Is base, which in turn creates opportunities

Is Public Service
Broadcasting still relevant in 2017?

 

 

 

Public broadcasting is radio, television and other
electronic media outlets, which are all trying to do the same job, which is
entertain the viewers. In majority of the world funding comes from the government
through annual fees. In this essay I will be discussing whether public
servicing broadcasting (PSB) is still relevant in 2017? I will be giving the
positives and negative views to come to a reasonable conclusion in which PSB is
relevant. Public broadcasting comes in two main ways, locally and nationally
this can depend on the region and station you are tuned into.. In many
countries, public broadcasting is operated by a single organization but on the
other hand there are many public broadcasting in other countries, which cater
to lots of different audiences and languages. Commercial broadcasting (private
broadcasting) is the broadcasting of television programs and radio programming
by privately owned corporate media, as opposed to state sponsorship, which are
rivalling public broadcasters.

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One of the reasons, which PSB is still relevant, is because public
broadcasters have a huge national responsibility to provide a good public
service, rather than a more narrowed approach of commercial broadcasters. The
output and outcomes of public broadcasters varies from what county they are in
but they all required to include news, entertainment and education. There are
many public broadcasters around the world, however the main public broadcaster
in the UK is the BBC. The BBC provides a non-partisan information base, which
in turn creates opportunities for political, cultural and local engagement.

 

The BBC commits resources to producing news, entertainment
and education. This is because they have to follow certain rules to be a public
broadcaster.  As mentioned before the BBC
get funded by the TV licence this means they have been able to use the latest
technology to there advantage. This able them to be more advanced then the
other broadcasters on the television. They have been able to make numerous
radio channels, have lots of different television channels which cater for
different audiences and also having a on demand service for people to catch up
or re-watch there favourite shows anytime anywhere. Most licensincing
regulations require having it the primary responsibility is to make profit by
maximising audiences and ratings.

 

Secondly “public good” rationale, which has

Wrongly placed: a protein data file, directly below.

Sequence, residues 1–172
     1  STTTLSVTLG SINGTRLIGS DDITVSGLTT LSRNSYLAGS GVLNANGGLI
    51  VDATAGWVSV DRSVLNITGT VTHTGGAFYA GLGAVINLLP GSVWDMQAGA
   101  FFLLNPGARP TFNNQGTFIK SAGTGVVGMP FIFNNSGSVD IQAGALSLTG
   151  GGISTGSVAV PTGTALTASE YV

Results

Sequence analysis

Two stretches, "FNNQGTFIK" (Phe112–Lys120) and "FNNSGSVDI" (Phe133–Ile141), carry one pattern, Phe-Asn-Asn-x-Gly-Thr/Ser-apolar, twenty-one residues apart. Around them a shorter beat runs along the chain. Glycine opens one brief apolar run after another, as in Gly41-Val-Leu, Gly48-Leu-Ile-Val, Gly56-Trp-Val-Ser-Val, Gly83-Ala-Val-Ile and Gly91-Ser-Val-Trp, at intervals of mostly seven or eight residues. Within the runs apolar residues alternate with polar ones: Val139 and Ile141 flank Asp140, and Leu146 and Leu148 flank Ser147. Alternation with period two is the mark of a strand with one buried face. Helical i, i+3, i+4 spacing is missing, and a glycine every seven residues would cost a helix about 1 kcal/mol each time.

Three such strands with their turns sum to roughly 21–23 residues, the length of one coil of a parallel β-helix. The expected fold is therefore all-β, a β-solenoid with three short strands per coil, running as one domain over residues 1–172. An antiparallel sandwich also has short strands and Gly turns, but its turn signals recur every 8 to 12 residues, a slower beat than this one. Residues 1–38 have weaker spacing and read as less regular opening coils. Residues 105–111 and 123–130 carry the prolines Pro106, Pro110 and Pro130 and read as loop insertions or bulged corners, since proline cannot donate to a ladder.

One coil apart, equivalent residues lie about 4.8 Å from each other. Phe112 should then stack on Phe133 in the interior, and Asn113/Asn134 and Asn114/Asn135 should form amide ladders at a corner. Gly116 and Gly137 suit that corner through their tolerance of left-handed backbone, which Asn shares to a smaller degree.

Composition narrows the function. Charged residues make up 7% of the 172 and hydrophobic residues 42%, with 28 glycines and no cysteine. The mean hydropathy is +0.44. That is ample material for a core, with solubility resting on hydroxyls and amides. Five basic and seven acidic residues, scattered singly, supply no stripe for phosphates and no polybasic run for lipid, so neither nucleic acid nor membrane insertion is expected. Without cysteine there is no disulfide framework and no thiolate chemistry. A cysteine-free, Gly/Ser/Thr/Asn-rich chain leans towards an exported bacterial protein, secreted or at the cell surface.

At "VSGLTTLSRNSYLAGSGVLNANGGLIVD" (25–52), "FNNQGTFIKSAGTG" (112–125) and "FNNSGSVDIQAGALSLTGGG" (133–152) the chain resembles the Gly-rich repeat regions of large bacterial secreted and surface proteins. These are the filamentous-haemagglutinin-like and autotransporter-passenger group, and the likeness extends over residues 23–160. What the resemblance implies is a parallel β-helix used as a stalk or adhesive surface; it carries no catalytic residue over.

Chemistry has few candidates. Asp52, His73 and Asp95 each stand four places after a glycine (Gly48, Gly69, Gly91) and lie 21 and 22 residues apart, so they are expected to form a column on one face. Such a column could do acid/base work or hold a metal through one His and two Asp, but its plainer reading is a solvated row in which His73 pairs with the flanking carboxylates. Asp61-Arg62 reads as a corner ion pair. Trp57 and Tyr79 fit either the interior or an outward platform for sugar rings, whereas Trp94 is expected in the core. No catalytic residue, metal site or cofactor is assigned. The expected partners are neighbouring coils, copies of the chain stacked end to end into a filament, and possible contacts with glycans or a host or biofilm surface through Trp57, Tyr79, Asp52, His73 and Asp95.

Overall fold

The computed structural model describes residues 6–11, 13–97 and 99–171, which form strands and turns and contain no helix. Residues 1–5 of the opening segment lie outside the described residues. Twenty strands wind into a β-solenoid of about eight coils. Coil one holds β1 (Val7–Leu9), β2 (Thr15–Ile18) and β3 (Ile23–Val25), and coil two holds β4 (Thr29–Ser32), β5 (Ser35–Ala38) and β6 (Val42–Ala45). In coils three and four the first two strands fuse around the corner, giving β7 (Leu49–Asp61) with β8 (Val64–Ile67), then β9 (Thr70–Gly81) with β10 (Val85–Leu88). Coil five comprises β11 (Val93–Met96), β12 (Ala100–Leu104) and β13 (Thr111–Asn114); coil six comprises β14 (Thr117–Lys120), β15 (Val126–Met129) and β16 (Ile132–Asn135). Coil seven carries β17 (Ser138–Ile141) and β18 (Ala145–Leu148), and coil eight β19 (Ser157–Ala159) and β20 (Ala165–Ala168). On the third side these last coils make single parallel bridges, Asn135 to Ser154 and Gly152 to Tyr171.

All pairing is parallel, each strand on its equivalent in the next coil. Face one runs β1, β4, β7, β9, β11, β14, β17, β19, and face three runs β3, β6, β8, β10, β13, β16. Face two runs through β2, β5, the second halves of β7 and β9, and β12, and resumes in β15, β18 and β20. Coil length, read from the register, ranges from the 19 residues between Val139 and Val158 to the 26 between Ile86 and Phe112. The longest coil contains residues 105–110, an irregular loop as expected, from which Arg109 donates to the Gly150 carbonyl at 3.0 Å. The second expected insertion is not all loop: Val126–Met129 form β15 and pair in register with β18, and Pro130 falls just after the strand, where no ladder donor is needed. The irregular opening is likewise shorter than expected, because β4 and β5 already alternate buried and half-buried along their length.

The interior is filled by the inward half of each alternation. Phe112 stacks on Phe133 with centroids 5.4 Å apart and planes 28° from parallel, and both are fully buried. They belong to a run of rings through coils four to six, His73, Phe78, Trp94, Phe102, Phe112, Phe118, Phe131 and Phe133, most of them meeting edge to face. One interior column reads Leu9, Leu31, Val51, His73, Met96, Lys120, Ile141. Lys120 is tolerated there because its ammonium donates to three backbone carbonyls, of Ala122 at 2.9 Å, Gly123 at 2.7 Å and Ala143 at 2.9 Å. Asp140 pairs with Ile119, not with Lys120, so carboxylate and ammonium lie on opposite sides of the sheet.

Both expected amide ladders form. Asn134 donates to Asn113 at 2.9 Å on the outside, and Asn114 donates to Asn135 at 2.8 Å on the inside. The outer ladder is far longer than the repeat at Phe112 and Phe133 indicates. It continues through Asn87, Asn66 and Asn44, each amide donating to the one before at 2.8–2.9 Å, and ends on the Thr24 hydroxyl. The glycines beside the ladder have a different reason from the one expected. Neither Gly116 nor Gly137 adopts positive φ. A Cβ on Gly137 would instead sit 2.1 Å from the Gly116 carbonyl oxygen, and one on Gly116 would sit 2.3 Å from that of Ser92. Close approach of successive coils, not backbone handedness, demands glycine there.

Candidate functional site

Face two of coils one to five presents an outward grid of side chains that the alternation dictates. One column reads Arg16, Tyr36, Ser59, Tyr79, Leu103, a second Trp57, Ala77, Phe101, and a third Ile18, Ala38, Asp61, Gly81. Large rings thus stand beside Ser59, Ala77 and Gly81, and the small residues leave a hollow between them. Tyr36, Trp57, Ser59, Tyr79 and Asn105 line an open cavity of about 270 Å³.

implicitly defined public broadcasting for nearly a century. The declining
numbers of journalists and newspapers is comparable in countries with and without
strong public broadcasters the business model is not threatened by public
broadcasting, but by its own dynamic. However rather than making public
broadcasting irrelevant, this context makes it arguably more important than
ever. Without public broadcasters doing this a lot more people will be
unemployed and not as much efficient and effective news will be being produced.
Looking at a survey taken which people chose for the most likely to turn to if
you want impartial news coverage we see the BBC with more then half of the
votes (53%) and the next closest competitor ITV with only 11% this shows us
that the general public the people watching the news watch the BBC news this
may be for many of reasons, but in my opinion I feel like the BBC has the
highest as the public feel that is it the most reliable source to get its news
from.  (The Conversation, 2017)

 

Finally in reference to previous paragraph public
broadcasters have more trust then commercial broadcasters, this is because
public broadcasters need to have a wide reach to provide shared resources
funded by the general public and also have to be available to them. Public
broadcasters are very unique in the fact they can have both the capacity and
the authority to act as an institution when the commercial media is less likely
to fulfil this role.

 

This links back to the public broadcaster to have much
higher level of the public trust. The House of Lords inquiry into the BBC’s
licence fee is focusing on the public purpose. Its capacity to sustain
citizenship and civil society to promote educate and learn. This represent the
full range of regions, bring the UK to the world and back and help deliver the
benefit for emerging technologies. Addressing all of these topics helps us to
explain why public broadcasting is still relevant in 2017. Charlotte Higgins
has argued that the UK without the BBC would “no longer be Britain as we
know it”. This also applies for the ABC in Australia. Public broadcasters
continue to have a unique role of challenging, informing and entertaining a
citizenry that is defined by national boundaries. (Eu.wiley.com, 2017)

 

However onto the negatives of PSB, there are a few to
discuss. Firstly young people are starting to abandon public service channels
according to Ofcom reports and programmes, this is according to Ofcom reports.